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Prime Minister Shinzo Abe expressed his resolve Thursday to achieve an early conclusion of the Trans-Pacific Partnership free trade talks, but he also said Japan will not easily concede to the United States in key parallel talks.
"We are having tough talks with the United States in the areas of agriculture and automobiles...We will not make any easy concessions," Abe said in a speech at a meeting of corporate executives and public policy experts, in which he also said his "Abenomics" stimulus policy mix will fail unless smaller companies regain sufficient confidence.
Japan and the United States, two leading members of the 12-nation TPP talks, which also involve Singapore and Australia, have been struggling to resolve their differences over tariffs and other issues in bilateral talks in parallel with the full TPP negotiations.
Without a deal between the two major economies, the TPP countries failed this month at a ministerial meeting to achieve a broad agreement on a free trade area that would account for around 40 percent of global economic output, as aimed for by the 12 members' leaders in October. They will continue talks into next year.
"We must resolve every issue for ambitious targets," Abe said, suggesting it will require the leaders of the negotiating countries to make political decisions at the very last stage of negotiations.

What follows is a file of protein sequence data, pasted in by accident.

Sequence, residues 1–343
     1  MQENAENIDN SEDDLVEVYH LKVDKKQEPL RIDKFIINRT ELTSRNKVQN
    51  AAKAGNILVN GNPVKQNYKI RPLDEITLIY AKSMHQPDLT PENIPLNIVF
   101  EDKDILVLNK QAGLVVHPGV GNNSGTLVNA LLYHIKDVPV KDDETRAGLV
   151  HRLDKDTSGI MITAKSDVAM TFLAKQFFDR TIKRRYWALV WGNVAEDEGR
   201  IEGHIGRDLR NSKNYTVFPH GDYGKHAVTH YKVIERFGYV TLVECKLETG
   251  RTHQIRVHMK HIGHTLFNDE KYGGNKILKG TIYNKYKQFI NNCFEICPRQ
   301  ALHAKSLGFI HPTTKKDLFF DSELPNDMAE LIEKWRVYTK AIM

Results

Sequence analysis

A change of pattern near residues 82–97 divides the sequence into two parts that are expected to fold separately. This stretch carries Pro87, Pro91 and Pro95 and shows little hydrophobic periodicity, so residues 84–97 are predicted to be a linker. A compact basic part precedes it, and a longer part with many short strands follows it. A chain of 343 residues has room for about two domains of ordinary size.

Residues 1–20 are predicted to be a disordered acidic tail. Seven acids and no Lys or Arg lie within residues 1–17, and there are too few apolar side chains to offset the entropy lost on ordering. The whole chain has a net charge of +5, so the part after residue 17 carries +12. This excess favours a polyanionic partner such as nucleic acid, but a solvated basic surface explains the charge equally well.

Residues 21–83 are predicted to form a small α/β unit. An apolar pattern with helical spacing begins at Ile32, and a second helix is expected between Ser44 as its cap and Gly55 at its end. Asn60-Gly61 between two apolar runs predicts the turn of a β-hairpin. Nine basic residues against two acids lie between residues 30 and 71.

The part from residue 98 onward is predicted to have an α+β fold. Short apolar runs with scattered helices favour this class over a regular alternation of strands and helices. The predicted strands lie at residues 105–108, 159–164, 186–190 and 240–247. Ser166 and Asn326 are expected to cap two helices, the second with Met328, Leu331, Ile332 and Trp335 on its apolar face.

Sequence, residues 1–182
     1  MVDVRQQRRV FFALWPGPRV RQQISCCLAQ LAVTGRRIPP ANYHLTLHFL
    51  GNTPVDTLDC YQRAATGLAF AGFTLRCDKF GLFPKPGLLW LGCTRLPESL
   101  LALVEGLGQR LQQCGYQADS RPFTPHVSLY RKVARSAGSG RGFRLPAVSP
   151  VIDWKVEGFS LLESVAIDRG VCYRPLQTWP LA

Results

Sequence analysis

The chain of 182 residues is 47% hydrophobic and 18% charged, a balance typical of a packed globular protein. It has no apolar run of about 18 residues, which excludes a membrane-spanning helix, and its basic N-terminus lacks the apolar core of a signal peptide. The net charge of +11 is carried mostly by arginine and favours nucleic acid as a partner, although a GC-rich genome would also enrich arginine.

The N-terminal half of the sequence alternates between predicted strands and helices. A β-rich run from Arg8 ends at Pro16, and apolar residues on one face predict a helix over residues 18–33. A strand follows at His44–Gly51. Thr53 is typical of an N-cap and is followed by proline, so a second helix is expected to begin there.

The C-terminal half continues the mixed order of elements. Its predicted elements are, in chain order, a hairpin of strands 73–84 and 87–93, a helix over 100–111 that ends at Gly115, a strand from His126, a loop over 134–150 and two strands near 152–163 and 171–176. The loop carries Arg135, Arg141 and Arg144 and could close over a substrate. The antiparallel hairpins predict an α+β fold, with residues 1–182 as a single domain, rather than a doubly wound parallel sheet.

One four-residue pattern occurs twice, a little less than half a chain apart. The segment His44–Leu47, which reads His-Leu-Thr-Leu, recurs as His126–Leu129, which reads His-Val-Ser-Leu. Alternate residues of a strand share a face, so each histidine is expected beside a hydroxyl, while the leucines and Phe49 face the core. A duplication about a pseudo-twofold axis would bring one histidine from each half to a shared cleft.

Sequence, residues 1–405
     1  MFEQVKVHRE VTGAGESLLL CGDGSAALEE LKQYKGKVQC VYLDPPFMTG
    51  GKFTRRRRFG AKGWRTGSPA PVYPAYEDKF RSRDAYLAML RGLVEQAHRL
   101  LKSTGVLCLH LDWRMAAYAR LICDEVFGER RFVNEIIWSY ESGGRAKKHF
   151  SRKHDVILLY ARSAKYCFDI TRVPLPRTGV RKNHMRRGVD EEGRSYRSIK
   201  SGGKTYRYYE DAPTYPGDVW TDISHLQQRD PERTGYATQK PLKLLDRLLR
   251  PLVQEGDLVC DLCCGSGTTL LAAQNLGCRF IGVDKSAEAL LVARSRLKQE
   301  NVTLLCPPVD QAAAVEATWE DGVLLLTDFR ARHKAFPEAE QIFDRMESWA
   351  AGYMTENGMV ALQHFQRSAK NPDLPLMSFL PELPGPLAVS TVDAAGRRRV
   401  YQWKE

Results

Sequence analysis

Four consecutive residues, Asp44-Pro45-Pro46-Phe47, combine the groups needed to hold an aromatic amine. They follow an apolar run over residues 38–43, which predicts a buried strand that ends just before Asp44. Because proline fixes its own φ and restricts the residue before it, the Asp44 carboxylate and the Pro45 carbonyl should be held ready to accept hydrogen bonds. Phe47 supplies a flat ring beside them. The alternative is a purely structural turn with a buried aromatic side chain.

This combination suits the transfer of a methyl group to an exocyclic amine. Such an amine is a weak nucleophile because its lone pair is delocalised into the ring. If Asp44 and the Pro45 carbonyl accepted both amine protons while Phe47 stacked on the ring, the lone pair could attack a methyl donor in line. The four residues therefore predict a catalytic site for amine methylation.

"I will tackle (the TPP talks) with the aim of concluding negotiations at an early date," Abe said, noting successful TPP talks are necessary for further growth and prosperity in the Asia-Pacific region.
The prime minister said he wants the United States to lead the negotiations by sharing such a "broad perspective" with Japan, apparently calling for the U.S. side to compromise on some issues to secure a TPP agreement.
Abe reiterated his desire to end at all costs Japan's nearly two decades of deflation and ensure sustainable growth with stronger capital spending and higher employment.
On Abenomics, which combines monetary and fiscal stimulus with deregulatory and other growth measures, Abe said he wants to see the continued recovery in sentiment among large companies permeate to smaller ones.
"I believe Abenomics will be seen as a failure unless the robust earnings of major companies spread across to small and medium-sized firms and people working there," Abe said.
The prime minister also said he hopes large companies will raise salaries for their workers, which would help secure a "virtuous economic cycle."
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